Raichur: H.C. Sharatchandra, Chairman of the Karnataka State Pollution Control Board, has said that there is a need to provide intensified training on environmental studies to teachers so that they can teach students how to protect the environment.
He was speaking as the chief guest at a symposium on ‘Development of Environment and Pollution Control’ held as part of the prize-distribution function at the District Science Centre here on Tuesday.
The function was jointly organised by the Karnataka State Pollution Control Board, the Karnataka Rajya Vijnana Parishat and the Science Education Trust, Raichur.
He said that though a lot of water was available in our surroundings, environmental pollution had affected its quality.
People across the world were facing shortage of safe drinking water.
Lack of proper sanitation and underground drainage system had forced a majority of the population in developing countries to live in a polluted environment.
Dr. Sharatchandra said that increasing forest cover and conservation of natural resources was the sign of a healthy environment. But extensive damage to natural resources by way of felling trees, polluting water bodies and burning coal had resulted in an increase in environmental pollution.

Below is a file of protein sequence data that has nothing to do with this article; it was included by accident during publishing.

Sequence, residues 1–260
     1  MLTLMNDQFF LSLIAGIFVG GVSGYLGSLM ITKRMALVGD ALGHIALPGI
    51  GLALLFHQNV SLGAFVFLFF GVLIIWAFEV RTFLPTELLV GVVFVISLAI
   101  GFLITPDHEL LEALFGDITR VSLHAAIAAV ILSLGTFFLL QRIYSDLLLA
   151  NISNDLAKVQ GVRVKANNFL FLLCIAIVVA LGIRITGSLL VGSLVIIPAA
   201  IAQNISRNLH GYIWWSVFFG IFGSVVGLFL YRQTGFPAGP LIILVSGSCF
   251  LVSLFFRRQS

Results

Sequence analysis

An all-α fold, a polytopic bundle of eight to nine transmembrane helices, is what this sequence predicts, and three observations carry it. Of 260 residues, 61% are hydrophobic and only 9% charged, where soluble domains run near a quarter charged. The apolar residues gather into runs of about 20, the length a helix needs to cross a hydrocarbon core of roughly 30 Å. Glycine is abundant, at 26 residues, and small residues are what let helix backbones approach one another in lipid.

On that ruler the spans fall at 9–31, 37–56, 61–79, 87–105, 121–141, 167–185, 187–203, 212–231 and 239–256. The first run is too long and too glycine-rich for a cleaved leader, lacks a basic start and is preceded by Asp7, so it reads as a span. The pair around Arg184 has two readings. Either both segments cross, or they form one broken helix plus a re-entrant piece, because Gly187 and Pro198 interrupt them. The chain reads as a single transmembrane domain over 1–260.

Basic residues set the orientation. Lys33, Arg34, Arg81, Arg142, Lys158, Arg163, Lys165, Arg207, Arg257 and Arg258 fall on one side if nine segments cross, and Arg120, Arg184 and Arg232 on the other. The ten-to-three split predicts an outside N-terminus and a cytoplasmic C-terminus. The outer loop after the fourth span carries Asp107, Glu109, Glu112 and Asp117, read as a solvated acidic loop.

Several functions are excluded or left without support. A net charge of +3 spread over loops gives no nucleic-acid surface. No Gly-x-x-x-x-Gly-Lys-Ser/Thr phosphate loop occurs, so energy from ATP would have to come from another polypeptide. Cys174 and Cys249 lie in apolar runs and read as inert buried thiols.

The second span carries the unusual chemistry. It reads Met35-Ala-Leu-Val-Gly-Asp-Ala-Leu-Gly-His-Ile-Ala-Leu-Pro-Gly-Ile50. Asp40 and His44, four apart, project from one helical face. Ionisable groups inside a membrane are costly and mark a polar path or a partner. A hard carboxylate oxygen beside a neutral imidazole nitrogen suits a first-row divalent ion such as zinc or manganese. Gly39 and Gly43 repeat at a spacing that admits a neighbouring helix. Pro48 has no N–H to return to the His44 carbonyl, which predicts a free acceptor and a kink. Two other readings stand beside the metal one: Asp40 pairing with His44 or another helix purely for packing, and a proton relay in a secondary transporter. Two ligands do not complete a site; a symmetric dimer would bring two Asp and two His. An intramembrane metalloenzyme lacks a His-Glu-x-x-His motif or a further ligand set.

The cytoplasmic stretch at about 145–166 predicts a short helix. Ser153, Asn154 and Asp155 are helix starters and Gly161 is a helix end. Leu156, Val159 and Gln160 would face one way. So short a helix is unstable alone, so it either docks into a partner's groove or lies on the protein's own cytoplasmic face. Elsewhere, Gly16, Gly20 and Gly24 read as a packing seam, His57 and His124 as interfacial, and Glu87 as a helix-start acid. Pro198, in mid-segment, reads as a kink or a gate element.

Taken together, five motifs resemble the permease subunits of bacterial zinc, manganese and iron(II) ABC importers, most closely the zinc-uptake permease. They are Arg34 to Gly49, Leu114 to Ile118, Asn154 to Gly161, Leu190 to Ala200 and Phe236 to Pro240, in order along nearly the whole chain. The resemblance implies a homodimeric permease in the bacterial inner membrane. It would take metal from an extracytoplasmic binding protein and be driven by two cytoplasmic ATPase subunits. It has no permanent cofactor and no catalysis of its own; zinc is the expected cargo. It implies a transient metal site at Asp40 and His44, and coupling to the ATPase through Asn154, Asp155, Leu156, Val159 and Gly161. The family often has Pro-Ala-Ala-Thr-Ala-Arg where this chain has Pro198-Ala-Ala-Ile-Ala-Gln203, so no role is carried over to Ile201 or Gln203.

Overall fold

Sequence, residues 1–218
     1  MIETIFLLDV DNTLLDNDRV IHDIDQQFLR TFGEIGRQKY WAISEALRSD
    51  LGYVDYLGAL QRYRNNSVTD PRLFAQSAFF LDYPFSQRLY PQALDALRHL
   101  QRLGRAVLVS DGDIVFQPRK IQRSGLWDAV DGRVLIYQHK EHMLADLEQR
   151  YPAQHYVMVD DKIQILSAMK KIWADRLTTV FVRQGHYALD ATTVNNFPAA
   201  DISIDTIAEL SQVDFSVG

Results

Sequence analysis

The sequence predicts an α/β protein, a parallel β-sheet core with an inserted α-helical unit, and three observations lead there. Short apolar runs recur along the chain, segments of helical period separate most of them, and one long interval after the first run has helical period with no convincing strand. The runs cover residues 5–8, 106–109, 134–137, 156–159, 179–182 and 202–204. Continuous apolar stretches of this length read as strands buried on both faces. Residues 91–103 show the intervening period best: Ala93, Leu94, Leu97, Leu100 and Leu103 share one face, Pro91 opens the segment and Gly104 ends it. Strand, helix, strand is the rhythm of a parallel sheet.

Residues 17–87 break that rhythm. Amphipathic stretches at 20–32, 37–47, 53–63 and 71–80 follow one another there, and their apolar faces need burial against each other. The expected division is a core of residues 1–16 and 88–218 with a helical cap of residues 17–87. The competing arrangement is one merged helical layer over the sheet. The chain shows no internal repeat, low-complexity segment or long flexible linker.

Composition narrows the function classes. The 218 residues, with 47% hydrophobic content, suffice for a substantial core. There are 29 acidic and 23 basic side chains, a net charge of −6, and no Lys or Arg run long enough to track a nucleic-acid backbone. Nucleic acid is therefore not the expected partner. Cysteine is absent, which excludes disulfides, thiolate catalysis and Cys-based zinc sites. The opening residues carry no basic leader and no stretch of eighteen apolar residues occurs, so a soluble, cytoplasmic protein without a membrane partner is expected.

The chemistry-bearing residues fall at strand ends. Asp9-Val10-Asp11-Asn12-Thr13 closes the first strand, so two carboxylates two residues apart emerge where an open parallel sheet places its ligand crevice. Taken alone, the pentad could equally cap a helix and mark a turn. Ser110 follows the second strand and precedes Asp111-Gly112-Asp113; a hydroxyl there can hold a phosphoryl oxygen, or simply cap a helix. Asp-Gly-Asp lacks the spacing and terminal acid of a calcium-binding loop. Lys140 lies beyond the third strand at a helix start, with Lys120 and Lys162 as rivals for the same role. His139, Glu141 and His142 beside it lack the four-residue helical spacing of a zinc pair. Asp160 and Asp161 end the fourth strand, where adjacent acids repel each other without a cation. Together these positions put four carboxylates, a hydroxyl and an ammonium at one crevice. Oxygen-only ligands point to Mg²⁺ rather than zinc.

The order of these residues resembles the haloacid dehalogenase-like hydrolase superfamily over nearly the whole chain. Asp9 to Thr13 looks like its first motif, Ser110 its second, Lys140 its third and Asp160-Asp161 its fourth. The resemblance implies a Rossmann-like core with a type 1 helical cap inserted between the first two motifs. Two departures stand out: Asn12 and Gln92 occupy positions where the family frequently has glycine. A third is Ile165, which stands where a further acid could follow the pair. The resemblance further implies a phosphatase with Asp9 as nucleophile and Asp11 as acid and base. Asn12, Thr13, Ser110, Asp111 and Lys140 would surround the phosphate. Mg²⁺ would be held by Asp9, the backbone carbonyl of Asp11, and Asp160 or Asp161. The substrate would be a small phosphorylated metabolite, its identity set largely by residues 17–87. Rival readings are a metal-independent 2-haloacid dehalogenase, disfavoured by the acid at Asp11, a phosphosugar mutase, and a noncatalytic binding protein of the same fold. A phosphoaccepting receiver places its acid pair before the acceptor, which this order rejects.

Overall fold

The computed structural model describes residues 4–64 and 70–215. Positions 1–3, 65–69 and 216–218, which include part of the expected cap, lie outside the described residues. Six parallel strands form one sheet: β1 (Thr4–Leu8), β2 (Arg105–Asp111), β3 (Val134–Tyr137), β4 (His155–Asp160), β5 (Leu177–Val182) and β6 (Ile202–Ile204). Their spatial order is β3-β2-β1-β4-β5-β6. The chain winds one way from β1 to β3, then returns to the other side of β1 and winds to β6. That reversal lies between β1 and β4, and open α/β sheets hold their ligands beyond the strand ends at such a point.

Most of the carbon dioxide emissions came from the use of coal, oil and natural gas. Industries that burnt coal on a large scale were responsible for contributing about 20 per cent of the total carbon dioxide emissions in the air. Extensive razing of forests for agriculture had also contributed to the emissions.
Dr. Sharatchandra said that environmental pollution had led to global warming. According to the available climate change indicators, the average global temperature had increased by 0.8 degree Celsius during the 20th century.
Since 1850, the sea level had risen by 15 cm in California, and the snow pack was shrinking and the spring runoff had decreased by 10 per cent, he said.
N.V. Prasad, zilla panchayat chief executive officer, who presided over the function, said environmental consciousness among children was on the decline because they were not being taught about it. There was a need to teach students about the development of environment, rain harvesting and pollution control. Earlier,
C.D. Patil, secretary of the Science Education Trust, spoke on how people were responsible for environmental pollution and on the need for collective steps to be taken to control pollution.